“Don’t just stand there! Someone carry this down to my office!” the LT screamed at us. I shrugged, grabbed the box, and hefted it. It was pretty heavy, but I’ve always been stronger than my size made one believe.
I followed the LT downstairs, and for some unknown reason I was suddenly afraid that the room beyond the stairwell door would be bare dirt. I breathed a sigh of relief when lightbulb-lit tile and cinderblock came into view. There was one door on my left, mailboxes on my right, a counter with a gap in it, and a chained-shut door that the window was stark white. So were the full flown windows to the right. That meant that the snow was over the doorway. Holy fuck.
We went past a door behind the mailboxes, and to three doors. One recently painted “1SG” the other painted “XO” and the one the LT led me through was “CO”. Inside, the lights were on, and the desk was piled with what I assumed to be the contents of the manila envelope.
“Set it there, private, then go stand at parade rest over there in case I need you,” he said, going over and sitting behind the desk.
I let my mind drift as I stood there while he first popped the banding off and then began going through the stacks of papers. I saw him pull out maps, typewritten orders, and more packets. He was grunting at various things, but I tuned him out. My legs started to hurt, and my knees were aching.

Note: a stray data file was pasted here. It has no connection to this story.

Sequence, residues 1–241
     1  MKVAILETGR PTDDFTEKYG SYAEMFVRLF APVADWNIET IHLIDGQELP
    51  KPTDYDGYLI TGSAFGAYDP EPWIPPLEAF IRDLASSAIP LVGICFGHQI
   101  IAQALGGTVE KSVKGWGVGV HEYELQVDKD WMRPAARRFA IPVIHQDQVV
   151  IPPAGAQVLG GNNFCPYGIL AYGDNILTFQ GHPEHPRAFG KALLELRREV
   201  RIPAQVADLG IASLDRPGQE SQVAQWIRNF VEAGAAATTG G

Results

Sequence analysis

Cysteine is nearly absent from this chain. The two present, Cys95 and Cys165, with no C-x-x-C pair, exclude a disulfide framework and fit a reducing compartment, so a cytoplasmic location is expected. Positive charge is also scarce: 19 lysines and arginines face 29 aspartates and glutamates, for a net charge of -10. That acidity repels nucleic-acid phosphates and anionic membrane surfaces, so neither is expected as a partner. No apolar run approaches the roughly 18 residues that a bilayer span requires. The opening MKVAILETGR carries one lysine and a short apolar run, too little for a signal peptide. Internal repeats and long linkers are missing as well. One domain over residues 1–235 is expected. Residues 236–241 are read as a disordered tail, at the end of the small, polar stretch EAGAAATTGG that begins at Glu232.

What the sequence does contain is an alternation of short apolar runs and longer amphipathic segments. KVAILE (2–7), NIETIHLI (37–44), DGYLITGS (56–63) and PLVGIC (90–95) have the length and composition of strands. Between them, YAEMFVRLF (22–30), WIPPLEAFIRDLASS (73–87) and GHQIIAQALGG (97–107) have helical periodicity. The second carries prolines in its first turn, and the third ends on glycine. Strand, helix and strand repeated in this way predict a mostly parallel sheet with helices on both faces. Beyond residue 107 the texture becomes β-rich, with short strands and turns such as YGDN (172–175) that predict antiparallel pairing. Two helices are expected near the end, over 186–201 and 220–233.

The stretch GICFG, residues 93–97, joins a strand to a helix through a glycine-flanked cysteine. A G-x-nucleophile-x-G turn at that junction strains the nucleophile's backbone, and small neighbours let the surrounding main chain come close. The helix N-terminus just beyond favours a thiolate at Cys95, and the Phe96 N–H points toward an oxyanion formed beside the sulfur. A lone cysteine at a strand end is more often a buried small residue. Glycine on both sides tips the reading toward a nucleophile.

The LT left and came back with a sandwich. Fucker didn’t offer me shit, I just stood there, until finally he looked up. “Go get everyone else, tell them to form up out front of the building.”
Out front? In the snow? Was he fucking high?
I snapped to attention, pulled a left face, and got the fuck out of there.
Everyone was sitting in the day room smoking cigarettes and drinking soda. Stokes had opened up her leg brace and was rubbing her knee and sighing.
“LT Greer wants us to form up outside,” I said.
“Oh you have to be fucking kidding!” another private, Cobb, snarled. I turned around and looked outside. It was bare white and you couldn’t even see the steps off of the porch.
“That’s what he said,” I answered. “He said to form up in the lot across the street.”
Grumbling, we went to our rooms and put on our cold weather gear. When I returned to the CQ area, everyone else but Stokes was already there. Private Cobb had a coil of 550 cord in his hands.
“All right, we’ll all take a cut of that one,” he said, pointing at the other coil of 550 cord. “Tie it to your parka belt, then loop it over this one. I checked, you can’t see farther than a foot or two out there. Stokes will hold the barracks end, I’ll be on the far end. As soon as the LT comes out there, we should be able to go in.”
I just nodded dumbly. These guys and girls all knew better than me. I followed instructions, and was the fifth out the door.
Cobb hadn’t been kidding. I damn near fell down the steps, and couldn’t see my hand if I stretched it out in front of my face. It was only sixteen hundred, and it was nearly dark, with the wind howling around us.
I must have died on the bus and now I’m in Hell.